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Datum 2021/04/21 12:00 – 2021/04/21 13:00
Ort https://teams.microsoft.com/l/team/19%3aede66f482bd94928b260e22292b8d41d%40thread.tacv2/conversations?groupId=a0cbe15d-dc9a-4162-8796-3417d585dcae&tenantId=4f5eec75-46fd-43f8-8d24-62bebd9771e5
Vortragende(r) Erik Burger
Forschungsgruppe MDSD
Titel Consistent change propagation within models
Autoren Roland Kretschmer, Djamel Eddine Khelladi, Roberto Erick Lopez-Herrejon & Alexander Egyed
PDF https://rdcu.be/ci2cS
URL https://link.springer.com/article/10.1007/s10270-020-00823-4
BibTeX https://dblp.org/rec/journals/sosym/KretschmerKLE21.html?view=bibtex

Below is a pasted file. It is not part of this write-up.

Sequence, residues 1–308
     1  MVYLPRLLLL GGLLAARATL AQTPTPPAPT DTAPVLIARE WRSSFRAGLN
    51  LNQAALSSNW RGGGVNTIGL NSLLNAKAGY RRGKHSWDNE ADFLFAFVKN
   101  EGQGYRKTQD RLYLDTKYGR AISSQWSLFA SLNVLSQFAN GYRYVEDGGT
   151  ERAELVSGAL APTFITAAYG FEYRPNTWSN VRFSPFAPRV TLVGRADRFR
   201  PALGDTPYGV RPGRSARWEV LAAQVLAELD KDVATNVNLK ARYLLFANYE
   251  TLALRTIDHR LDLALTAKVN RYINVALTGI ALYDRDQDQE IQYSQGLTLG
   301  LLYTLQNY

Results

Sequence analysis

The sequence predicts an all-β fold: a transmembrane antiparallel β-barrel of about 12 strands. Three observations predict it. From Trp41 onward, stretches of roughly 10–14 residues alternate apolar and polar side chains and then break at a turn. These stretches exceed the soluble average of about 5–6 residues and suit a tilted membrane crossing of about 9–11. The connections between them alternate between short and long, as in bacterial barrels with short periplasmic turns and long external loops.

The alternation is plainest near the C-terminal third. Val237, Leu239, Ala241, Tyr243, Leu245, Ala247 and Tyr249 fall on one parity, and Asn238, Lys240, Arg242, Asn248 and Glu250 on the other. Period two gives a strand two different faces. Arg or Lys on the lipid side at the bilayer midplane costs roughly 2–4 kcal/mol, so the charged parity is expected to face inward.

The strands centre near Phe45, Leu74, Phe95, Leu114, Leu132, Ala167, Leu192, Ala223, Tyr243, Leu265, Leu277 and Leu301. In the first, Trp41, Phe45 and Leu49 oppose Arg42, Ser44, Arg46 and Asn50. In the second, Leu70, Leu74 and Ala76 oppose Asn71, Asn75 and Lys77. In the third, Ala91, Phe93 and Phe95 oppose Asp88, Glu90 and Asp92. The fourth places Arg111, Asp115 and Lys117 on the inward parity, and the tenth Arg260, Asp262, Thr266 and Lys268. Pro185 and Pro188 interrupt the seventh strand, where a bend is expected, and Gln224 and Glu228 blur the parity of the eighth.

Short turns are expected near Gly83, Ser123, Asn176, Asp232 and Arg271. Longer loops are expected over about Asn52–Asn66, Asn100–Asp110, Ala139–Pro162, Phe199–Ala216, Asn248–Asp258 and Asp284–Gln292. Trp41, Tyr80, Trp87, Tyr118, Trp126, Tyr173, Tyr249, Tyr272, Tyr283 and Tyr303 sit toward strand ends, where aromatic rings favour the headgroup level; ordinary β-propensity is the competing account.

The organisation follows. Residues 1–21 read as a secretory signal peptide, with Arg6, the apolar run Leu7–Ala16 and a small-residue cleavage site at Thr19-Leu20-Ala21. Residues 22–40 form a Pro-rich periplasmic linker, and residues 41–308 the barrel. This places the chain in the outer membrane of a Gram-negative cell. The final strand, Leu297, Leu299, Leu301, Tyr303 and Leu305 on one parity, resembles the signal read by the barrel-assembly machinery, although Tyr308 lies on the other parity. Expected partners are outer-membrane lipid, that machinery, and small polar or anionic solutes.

Abstract Developers change models with clear intentions—e.g., for refactoring, defects removal, or evolution. However, in doing so, developers are often unaware of the consequences of their changes. Changes to one part of a model may affect other parts of the same model and/or even other models, possibly created and maintained by other developers. The consequences are incomplete changes and with it inconsistencies within or across models. Extensive works exist on detecting and repairing inconsistencies. However, the literature tends to focus on inconsistencies as errors in need of repairs rather than on incomplete changes in need of further propagation. Many changes are non-trivial and require a series of coordinated model changes. As developers start changing the model, intermittent inconsistencies arise with other parts of the model that developers have not yet changed. These inconsistencies are cues for incomplete change propagation. Resolving these inconsistencies should be done in a manner that is consistent with the original changes. We speak of consistent change propagation. This paper leverages classical inconsistency repair mechanisms to explore the vast search space of change propagation. Our approach not only suggests changes to repair a given inconsistency but also changes to repair inconsistencies caused by the aforementioned repair. In doing so, our approach follows the developer’s intent where subsequent changes may not contradict or backtrack earlier changes. We argue that consistent change propagation is essential for effective model-driven engineering. Our approach and its tool implementation were empirically assessed on 18 case studies from industry, academia, and GitHub to demonstrate its feasibility and scalability. A comparison with two versioned models shows that our approach identifies actual repair sequences that developers had chosen. Furthermore, an experiment involving 22 participants shows that our change propagation approach meets the workflow of how developers handle changes by always computing the sequence of repairs resulting from the change propagation.